scott_mcleod: In-lens IS or IBIS. Either way. Maybe a bit better in the corners but 35mm EFOV is just right for this type of camera IMO, and stabilization would extend the available-light shooting ability tremendously. 28 is too wide, especially when you only have 16MP for cropping (if you need less wide, that is).
If they could make a less expensive Bayer version that'd be sweet (not holding my breath for that one!). Otherwise, don't mess with the formula, please!
@ rjx: I have taken plenty of shots with the Canon 35mm IS on FF at ISO 3200-6400, f/2 and 1/10s or slower. I don't know about you but I sure can't hold a camera steady at those speeds (tripod or monopod would be dangerous in this location so hand-holding only)
In-lens IS or IBIS. Either way. Maybe a bit better in the corners but 35mm EFOV is just right for this type of camera IMO, and stabilization would extend the available-light shooting ability tremendously. 28 is too wide, especially when you only have 16MP for cropping (if you need less wide, that is).
J A C S: 1. Very misleading graph (the 1st one). The vertical axis should start from 0.
2. "DxO does something similar in their 'Print' mode display of their data; however, that levels the playing field a bit much to an output of 8MP, [...]"
It does not. They show 2.4 EV difference at 8mp, you compute 2.5.
Re point #1 - I thought the same thing, and remember seeing exactly this technique in a classic book called "How to Lie with Statistics" back when I was in high school...
scott_mcleod: Maybe I'm imagining things, but the intro (and most of the review) seems very cagily worded - almost damning with faint praise - and includes some rather odd statements, such as, "a camera where you don't have to think about whether it has a mirror or not" (really? This is "a thing" now?) and "16MP isn't exactly cutting-edge at this point" (are there any m4/3 cams with more, at any price?). As for using "try" three times on the first page... how does it "try not to be mirrorless" any more than the E-M10? Or am I missing some critical difference in the form factor? (the hand-grip makes it "less mirrorless", perhaps?)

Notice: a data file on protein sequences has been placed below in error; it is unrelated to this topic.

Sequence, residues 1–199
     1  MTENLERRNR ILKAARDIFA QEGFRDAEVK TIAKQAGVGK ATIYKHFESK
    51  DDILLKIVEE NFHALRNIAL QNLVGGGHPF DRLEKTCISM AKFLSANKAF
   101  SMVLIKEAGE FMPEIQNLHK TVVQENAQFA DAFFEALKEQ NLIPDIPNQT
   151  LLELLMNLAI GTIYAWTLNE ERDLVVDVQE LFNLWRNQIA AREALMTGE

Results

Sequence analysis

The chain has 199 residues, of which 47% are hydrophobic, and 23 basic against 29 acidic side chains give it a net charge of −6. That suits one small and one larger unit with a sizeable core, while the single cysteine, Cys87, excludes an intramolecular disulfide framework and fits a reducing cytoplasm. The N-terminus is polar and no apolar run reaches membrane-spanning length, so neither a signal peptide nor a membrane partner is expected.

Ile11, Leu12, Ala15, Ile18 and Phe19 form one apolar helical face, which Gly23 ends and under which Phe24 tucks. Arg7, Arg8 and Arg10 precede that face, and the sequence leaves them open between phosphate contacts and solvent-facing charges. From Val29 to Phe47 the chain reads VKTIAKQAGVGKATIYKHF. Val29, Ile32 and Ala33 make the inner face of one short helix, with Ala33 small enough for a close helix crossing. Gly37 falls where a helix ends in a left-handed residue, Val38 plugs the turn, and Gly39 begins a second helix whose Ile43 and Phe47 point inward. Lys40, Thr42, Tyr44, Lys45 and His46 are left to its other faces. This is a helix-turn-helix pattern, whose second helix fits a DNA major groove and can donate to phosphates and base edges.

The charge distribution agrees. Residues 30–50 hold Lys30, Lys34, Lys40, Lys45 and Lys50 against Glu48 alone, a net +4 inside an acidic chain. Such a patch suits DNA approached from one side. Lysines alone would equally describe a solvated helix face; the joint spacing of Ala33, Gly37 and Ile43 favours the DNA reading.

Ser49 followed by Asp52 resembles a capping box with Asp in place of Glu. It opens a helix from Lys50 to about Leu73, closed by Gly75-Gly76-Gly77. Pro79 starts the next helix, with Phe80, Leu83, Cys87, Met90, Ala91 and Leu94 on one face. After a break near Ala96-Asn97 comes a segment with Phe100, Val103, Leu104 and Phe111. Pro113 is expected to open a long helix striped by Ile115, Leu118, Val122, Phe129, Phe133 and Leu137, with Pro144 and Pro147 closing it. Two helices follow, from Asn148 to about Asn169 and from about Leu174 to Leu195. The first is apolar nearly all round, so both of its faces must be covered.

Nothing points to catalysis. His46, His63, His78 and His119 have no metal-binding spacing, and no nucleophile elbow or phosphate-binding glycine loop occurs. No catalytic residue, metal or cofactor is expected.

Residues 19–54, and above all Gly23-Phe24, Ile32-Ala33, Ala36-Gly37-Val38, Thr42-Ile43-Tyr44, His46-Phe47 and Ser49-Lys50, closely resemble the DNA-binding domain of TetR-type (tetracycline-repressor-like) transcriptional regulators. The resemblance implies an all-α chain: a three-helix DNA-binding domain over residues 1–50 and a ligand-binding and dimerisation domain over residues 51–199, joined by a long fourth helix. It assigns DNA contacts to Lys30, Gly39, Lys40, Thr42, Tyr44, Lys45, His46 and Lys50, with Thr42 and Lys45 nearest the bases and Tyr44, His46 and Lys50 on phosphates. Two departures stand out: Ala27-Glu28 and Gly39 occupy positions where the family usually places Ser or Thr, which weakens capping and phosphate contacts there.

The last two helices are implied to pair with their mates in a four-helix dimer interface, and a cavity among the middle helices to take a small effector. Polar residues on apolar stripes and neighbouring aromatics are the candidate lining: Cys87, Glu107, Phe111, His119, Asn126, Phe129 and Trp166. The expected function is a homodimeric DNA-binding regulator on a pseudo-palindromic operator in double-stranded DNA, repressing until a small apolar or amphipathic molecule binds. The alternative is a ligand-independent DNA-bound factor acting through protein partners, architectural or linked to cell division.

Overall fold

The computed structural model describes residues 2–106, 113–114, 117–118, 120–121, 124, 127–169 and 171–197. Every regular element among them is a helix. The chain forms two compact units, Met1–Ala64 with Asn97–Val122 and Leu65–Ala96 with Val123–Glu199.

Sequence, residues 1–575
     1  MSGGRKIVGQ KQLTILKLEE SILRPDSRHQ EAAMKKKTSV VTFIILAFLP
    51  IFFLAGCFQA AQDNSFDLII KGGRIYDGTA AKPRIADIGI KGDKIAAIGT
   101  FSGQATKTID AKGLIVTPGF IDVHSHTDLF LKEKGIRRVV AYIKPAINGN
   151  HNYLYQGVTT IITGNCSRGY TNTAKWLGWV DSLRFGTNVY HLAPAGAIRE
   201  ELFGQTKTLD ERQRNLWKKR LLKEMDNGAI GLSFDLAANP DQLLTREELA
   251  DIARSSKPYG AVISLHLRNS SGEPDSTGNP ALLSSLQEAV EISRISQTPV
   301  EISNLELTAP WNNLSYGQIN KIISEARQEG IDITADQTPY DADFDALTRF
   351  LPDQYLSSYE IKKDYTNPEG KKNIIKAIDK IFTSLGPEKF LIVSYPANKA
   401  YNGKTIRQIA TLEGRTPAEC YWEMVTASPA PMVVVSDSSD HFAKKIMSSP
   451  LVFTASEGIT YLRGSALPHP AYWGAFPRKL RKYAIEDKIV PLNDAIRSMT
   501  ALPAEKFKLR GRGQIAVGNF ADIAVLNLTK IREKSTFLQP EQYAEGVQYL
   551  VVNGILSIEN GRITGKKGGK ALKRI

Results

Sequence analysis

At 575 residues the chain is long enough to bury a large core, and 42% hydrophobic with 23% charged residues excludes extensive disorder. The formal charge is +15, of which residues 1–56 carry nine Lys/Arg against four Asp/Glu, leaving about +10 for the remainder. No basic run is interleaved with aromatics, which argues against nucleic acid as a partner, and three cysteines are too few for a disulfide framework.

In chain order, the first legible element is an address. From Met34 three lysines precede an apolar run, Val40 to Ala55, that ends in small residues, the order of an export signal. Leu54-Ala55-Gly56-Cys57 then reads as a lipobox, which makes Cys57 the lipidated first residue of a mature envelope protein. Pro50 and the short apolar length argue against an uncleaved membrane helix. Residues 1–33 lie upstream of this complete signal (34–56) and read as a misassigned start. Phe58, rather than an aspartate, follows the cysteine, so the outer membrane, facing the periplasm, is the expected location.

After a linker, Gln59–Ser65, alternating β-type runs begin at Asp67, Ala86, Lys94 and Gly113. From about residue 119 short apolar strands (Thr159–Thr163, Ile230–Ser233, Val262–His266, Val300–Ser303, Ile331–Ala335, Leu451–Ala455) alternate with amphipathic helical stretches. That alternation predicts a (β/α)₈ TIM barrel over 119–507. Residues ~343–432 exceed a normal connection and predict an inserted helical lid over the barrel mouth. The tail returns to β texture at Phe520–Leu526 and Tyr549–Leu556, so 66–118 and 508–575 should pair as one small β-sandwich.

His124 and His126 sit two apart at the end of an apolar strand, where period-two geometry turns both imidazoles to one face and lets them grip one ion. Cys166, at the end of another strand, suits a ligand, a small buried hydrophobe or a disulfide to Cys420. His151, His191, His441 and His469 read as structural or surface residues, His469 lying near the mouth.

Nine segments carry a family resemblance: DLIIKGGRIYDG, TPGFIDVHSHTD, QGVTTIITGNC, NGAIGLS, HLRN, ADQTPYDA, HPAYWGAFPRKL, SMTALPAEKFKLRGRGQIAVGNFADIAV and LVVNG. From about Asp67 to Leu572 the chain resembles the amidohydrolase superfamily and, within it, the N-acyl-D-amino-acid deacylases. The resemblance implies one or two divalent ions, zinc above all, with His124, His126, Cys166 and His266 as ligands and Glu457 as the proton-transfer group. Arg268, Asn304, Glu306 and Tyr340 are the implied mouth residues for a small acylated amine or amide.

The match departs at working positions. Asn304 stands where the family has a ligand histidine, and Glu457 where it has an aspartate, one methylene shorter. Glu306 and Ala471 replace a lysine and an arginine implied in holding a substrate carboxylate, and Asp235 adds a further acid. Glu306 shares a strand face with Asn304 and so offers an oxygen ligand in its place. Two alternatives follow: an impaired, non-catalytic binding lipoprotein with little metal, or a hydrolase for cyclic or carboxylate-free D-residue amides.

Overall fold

Seems like a very good camera to me. I almost get the feeling that the reviewer would like it better if it had a Samsung-style smartphone-like interface (kill me now, please) and is maybe selling potential buyers short in this respect.
BTW, it's "eke", not "eek"...
Fair enough with the MP comparison to APS-C. Maybe I was extra-sensitive to the way this review was written because I've been really looking forward to seeing how the G7 stacked up. A return to more direct external controls is something I am a big fan of - I enjoy using my old G2 for that exact reason.
Shame about the shutter shock, though. I wonder how much more a better-damped mechanical shutter would add to the price? Assuming there is one that would overcome the problem in such a lightweight body. It does seem strange that this is an issue when there's no reflex mirror "flapping around"! I would assume the mirror assembly would have more inertia than the shutter, but it doesn't seem to affect small DSLRs, even though APS-C shutters have more distance to travel...
Maybe I'm imagining things, but the intro (and most of the review) seems very cagily worded - almost damning with faint praise - and includes some rather odd statements, such as, "a camera where you don't have to think about whether it has a mirror or not" (really? This is "a thing" now?) and "16MP isn't exactly cutting-edge at this point" (are there any m4/3 cams with more, at any price?). As for using "try" three times on the first page... how does it "try not to be mirrorless" any more than the E-M10? Or am I missing some critical difference in the form factor? (the hand-grip makes it "less mirrorless", perhaps?)
Dundo Maroje: 3125 comments and counting. There are more comments then average taken photographs per person, cheers